What is the risk of acute kidney injury, renal replacement therapy, and mortality after computed tomography with intravenous contrast compared with computed tomography without use of contrast?

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Why is this study important?

Contrast induced nephropathy (CIN) or postcontrast acute kidney injury (PCAKI) is an ill-defined entity with little evidence supporting its clinical relevance. Multiple definitions have been published of which the most common in recent use appear to be the RIFLE (Risk, Injury, Failure, Loss of kidney function, and End-stage kidney disease) and the AKIN (Acute Kidney Injury Network) classifications.[1] These definitions have been combined by the Kidney Disease Improving Global Outcomes workgroup to establish a single classification of AKI. Regardless, due to multiple varying definitions, a true appreciation for the actual risk to patients undergoing contrast enhanced computed tomography (CT) is unknown. Also, whether the postcontrast rise in creatinine is coincidental (i.e., PCAKI) or caused by contrast exposure (i.e., CIN) is likely arguable in most cases. Confounding this is the multitude of patient associated factors (medications, diabetes, chronic renal insufficiency [CRI], etc.) that may underlie the true risk of clinically relevant CIN.  This study attempts to delineate the true risk for CIN utilizing a systematic review of the literature through 2016.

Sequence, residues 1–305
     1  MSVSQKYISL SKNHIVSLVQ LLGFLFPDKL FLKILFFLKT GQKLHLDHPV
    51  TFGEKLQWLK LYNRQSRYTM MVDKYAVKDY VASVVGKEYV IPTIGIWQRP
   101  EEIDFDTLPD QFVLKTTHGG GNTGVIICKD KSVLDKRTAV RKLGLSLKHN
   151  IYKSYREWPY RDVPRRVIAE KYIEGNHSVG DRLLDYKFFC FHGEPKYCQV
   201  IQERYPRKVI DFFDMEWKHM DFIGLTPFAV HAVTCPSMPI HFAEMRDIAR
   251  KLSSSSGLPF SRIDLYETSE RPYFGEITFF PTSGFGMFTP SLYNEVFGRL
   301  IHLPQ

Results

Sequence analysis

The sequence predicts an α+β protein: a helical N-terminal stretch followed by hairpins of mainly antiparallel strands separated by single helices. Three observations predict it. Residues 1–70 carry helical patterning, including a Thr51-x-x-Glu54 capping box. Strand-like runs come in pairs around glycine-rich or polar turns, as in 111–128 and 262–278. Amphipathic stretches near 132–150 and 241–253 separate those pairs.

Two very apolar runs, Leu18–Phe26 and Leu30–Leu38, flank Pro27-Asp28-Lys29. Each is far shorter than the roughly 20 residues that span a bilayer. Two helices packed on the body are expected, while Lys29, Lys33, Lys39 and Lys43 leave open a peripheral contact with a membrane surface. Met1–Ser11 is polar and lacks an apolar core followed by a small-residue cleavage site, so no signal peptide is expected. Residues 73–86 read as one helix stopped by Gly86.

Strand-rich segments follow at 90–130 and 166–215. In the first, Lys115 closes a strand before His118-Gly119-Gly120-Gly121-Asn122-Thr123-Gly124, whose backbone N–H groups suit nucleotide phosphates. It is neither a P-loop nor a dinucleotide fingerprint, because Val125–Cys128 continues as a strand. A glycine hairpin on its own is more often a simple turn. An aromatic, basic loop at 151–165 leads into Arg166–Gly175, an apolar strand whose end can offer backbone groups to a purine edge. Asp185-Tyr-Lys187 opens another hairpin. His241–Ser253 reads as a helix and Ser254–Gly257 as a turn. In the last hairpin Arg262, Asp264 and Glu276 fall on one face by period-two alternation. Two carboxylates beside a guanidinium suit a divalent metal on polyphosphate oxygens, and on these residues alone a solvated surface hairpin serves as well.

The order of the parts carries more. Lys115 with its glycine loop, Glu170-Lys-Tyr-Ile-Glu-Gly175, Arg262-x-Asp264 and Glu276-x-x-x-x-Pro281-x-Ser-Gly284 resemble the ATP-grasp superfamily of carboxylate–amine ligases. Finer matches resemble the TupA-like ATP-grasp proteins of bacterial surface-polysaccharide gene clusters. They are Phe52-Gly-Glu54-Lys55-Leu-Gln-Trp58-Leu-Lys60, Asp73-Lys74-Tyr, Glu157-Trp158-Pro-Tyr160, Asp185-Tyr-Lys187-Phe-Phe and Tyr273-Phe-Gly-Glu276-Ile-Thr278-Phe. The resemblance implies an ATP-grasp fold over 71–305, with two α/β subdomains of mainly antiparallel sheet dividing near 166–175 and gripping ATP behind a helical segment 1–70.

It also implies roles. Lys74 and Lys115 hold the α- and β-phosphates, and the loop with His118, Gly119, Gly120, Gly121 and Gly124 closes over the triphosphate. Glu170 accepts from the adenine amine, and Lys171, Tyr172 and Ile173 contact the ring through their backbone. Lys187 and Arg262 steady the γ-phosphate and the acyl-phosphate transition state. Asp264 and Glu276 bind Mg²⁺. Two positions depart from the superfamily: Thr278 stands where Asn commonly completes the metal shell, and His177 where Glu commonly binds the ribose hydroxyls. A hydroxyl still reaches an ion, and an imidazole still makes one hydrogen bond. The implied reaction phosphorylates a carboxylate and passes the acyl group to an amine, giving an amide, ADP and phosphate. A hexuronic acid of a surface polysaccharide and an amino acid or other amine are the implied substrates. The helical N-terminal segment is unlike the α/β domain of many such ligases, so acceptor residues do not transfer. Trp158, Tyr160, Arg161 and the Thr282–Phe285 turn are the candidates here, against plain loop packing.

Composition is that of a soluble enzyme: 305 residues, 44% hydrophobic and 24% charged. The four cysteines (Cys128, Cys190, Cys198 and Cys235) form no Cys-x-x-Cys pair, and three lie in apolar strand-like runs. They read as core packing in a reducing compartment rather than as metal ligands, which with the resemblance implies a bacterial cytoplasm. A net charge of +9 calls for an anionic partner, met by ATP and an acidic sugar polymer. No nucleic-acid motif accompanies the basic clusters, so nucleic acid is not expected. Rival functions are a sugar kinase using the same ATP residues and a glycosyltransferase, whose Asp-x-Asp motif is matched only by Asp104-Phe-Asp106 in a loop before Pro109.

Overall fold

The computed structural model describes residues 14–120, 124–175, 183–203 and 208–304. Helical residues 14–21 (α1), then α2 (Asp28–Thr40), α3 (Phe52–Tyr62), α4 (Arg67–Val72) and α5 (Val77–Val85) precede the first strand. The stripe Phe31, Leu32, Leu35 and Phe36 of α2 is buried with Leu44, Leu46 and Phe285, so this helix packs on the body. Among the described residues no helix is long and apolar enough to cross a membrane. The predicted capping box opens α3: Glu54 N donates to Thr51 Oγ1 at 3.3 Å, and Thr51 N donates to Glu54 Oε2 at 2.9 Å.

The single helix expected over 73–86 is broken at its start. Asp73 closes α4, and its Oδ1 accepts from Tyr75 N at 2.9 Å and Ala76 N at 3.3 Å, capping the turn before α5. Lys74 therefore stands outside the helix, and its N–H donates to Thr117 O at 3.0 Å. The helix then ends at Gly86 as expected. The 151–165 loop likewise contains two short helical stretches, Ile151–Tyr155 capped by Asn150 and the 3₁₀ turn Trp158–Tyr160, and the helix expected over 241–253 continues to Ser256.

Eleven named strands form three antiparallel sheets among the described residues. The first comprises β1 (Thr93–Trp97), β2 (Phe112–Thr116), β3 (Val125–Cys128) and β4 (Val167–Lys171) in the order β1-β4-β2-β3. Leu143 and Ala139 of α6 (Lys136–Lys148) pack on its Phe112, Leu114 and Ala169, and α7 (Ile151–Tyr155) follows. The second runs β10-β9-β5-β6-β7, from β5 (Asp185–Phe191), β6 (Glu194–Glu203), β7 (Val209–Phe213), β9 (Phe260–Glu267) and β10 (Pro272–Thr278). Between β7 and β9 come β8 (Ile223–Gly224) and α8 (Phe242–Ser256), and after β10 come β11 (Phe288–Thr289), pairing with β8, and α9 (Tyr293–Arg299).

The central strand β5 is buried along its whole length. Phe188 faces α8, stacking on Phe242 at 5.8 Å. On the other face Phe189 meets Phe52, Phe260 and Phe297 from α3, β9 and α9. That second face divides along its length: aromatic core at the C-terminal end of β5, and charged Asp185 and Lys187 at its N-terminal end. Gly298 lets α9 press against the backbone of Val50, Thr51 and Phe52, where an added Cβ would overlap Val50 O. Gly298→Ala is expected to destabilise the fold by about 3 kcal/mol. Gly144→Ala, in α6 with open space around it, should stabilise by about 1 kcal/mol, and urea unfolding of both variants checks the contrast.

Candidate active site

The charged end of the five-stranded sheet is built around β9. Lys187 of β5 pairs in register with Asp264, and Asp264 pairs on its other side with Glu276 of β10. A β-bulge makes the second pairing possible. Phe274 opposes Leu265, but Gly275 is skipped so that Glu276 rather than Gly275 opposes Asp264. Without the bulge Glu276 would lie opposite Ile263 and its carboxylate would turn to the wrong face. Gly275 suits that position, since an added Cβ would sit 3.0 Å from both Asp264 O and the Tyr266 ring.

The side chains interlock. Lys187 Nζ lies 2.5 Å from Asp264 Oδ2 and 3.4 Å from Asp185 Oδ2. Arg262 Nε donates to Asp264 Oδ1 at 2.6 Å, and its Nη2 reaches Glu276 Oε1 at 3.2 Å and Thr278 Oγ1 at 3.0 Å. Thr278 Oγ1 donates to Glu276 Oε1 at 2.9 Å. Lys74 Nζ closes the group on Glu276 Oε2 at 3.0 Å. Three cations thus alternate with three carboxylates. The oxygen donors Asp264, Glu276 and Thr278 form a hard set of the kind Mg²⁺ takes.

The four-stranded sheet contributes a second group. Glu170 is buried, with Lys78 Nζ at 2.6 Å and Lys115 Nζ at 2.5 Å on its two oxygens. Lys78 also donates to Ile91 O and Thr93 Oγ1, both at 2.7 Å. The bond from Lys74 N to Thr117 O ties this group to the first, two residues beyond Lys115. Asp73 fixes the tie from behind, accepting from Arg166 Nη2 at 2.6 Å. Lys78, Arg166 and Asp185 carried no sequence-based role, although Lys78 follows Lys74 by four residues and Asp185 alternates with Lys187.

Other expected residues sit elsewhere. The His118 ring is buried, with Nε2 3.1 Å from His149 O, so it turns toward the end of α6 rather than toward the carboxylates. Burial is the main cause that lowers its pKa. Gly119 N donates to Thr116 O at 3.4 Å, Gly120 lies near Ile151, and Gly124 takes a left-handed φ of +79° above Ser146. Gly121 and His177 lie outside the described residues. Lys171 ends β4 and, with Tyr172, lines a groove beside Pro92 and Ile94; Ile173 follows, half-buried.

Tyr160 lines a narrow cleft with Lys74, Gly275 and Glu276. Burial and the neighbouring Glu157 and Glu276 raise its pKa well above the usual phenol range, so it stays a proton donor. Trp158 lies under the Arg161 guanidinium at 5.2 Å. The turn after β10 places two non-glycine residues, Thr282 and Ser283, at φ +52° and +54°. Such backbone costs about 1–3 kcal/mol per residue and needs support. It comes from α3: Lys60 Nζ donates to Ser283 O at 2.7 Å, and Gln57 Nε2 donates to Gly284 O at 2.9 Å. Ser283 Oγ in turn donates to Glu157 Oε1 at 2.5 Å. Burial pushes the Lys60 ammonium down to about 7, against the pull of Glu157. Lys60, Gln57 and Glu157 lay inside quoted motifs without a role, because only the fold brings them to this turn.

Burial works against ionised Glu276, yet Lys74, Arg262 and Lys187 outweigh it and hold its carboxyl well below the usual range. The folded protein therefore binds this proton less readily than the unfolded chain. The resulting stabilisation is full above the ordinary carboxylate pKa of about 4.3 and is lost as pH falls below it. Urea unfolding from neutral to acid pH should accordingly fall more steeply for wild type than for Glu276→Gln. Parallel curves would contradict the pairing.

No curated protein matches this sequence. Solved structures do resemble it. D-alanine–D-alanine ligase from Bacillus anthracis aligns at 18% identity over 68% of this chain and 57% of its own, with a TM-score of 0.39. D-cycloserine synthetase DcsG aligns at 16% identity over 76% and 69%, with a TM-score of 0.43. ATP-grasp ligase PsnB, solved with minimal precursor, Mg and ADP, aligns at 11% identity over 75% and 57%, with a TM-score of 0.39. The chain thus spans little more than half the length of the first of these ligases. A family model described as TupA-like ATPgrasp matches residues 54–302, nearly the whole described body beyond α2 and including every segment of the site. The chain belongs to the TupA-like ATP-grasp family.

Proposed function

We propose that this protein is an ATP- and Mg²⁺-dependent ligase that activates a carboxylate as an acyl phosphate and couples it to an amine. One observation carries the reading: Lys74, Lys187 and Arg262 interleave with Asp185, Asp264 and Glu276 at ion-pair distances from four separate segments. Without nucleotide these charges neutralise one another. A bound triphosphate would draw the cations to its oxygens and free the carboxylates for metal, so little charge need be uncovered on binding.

Which, if any, threats to validity are most likely to have an impact on the results and how?

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